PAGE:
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Insulin therapy increases pancreatic cancer risk
Insulin therapy increases the risk of pancreatic cancer and overall cancer, according to research from the University of Maryland, Baltimore.
Researcher Zhiqiang Lu studied data from more than 230,000 patients in the United Kingdom on antidiabetic therapy. Lu found that the use of insulin alone or in combination with other oral agents was associated with an increased risk of cancer.
In particular, use of insulin alone increased the risk for pancreatic cancer by 88 percent. The study found that it increased the risk of colorectal cancer as well.
In addition, insulin with oral agents increased the risk of pancreatic cancer by 133 percent.
Lu explored the role of hemoglobin A1c (HbA1c) value in modifying the risk. HbA1c is a lab test that shows the average amount of glucose in the blood over three months.
His analysis showed that HbA1c appears to be a risk factor for pancreatic cancer, with abnormal levels increasing the risk by 38 percent. The risk posed by HbA1c value varies among different types of cancer.
Other factors that increase the risk of pancreatic cancer include premixed and intermediate-acting insulin, compared to short-acting insulin.
Diabetes, cancer link
It’s well documented that people with diabetes are at higher risk for some cancers than people without diabetes. Cancers of the pancreas, colon, breast, liver, uterus, and bladder occur more frequently in people with type 2 diabetes, according to Mayo Clinic.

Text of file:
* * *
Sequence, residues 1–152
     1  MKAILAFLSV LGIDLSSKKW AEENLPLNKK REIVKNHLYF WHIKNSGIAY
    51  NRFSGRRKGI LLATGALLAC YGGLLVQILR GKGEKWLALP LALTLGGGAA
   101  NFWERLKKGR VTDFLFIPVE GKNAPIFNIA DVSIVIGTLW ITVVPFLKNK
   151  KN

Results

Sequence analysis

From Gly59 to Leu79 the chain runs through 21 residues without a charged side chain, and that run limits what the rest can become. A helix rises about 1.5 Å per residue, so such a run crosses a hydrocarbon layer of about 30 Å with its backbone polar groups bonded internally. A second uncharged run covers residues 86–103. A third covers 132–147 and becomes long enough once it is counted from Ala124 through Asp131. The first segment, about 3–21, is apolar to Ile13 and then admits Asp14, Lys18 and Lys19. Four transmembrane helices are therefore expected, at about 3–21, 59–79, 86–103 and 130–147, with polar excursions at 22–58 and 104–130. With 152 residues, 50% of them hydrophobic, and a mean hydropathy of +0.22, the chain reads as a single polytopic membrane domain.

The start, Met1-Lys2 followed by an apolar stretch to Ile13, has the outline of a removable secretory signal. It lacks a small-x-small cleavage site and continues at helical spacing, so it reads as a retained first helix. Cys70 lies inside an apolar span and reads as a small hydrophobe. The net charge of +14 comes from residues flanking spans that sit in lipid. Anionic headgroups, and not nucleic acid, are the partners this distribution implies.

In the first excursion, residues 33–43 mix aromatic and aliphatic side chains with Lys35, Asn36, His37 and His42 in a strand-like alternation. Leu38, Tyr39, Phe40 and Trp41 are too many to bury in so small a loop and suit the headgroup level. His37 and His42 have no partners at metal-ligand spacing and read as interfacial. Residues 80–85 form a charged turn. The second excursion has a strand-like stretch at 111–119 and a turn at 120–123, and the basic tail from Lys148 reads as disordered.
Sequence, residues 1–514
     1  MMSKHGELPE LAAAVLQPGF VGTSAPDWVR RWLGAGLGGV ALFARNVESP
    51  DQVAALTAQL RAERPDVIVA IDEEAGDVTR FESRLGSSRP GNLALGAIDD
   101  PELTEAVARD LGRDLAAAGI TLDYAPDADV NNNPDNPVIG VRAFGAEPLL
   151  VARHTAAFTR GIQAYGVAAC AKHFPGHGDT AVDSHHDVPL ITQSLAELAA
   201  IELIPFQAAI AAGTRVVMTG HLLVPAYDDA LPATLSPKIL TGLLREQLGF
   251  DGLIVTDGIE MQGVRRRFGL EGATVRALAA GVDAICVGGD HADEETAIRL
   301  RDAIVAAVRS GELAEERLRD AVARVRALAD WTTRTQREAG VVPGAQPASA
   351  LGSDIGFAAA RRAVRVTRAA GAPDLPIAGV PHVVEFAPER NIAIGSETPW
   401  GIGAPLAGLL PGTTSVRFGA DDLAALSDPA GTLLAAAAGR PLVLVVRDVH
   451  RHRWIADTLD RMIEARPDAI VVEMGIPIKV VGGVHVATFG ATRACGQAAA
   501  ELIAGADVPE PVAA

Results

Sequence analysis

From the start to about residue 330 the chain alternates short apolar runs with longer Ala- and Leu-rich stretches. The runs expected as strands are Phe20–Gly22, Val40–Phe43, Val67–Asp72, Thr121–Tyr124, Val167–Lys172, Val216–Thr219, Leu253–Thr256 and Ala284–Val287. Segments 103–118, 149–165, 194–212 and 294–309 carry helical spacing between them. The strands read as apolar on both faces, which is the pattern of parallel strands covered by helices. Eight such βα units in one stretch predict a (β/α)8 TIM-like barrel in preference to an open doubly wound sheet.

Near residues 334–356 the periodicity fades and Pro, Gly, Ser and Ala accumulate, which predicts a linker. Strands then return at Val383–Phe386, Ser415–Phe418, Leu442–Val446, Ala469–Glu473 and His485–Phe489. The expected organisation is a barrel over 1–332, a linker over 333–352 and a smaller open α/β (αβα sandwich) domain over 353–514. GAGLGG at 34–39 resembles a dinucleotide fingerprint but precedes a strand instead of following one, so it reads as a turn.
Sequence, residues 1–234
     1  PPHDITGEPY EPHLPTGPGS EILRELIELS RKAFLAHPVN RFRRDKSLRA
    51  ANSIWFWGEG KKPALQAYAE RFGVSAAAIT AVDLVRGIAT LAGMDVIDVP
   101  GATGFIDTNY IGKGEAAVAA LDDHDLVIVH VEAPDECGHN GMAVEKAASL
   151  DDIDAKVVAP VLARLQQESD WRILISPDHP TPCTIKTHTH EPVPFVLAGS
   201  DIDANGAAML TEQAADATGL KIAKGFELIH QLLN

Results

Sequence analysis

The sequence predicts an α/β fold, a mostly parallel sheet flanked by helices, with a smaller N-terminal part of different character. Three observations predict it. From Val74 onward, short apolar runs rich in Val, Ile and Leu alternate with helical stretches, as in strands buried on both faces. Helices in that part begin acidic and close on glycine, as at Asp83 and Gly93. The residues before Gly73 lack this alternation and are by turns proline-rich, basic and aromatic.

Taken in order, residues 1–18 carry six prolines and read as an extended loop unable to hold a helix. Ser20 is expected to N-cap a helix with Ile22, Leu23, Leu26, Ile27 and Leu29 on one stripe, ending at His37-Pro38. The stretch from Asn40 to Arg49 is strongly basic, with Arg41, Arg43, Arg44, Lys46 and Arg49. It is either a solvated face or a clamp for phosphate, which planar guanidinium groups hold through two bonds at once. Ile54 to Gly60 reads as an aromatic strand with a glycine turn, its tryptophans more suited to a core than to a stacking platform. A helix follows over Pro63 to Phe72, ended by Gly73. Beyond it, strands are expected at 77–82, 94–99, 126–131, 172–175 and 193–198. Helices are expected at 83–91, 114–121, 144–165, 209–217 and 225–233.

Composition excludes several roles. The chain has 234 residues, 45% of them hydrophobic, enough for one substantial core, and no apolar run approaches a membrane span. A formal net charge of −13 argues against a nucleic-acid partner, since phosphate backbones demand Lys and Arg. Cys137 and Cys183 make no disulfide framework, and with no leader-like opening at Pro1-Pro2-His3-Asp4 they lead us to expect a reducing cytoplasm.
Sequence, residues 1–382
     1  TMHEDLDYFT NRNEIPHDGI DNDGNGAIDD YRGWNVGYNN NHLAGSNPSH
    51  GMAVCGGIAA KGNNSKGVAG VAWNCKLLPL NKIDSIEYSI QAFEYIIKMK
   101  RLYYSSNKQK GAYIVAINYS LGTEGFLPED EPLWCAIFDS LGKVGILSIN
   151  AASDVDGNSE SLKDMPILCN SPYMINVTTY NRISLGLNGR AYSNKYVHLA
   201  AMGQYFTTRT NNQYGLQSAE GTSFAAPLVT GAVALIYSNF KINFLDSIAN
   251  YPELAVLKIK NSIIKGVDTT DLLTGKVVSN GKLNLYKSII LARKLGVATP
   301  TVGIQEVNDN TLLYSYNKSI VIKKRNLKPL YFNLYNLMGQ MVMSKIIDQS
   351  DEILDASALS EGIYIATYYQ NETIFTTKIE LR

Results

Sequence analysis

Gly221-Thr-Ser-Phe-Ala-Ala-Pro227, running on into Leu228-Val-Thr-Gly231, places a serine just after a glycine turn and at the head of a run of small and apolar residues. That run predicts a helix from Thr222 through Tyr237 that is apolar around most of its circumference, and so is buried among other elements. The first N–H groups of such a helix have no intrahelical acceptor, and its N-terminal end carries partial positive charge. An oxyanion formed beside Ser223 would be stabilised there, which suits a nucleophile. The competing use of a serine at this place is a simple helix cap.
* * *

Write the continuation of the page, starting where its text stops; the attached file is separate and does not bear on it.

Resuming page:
Potential reasons for the link between diabetes and cancer include shared risk factors, hyperglycemia, and other metabolic abnormalities of type 2 diabetes that cause cancer, according to Mayo Clinic.
Shared risk factors include advanced age, obesity and overweight, physical inactivity, unhealthy diet, being male, excessive alcohol intake, ethnicity, and tobacco smoking.
Lower your risk
Losing weight is one recommendation by American Diabetes Association to lower the risk of cancer. Weight loss of just 7 percent of total weight has shown to make a significant difference in a person’s cancer risk.
Eating a healthy diet with plenty of fresh vegetables, fruits and whole grains is another recommendation. Low-fat or non-fat dairy products and lean meats are also sensible choices. Watching portion sizes is crucial.
Individuals should set a goal of getting physical activity 30 minutes a day, 5 days a week, according to American Diabetes Association.
Finally, quitting smoking can lower the risk of developing cancer.
Sources: University of Maryland, Mayo Clinic, American Diabetes Association
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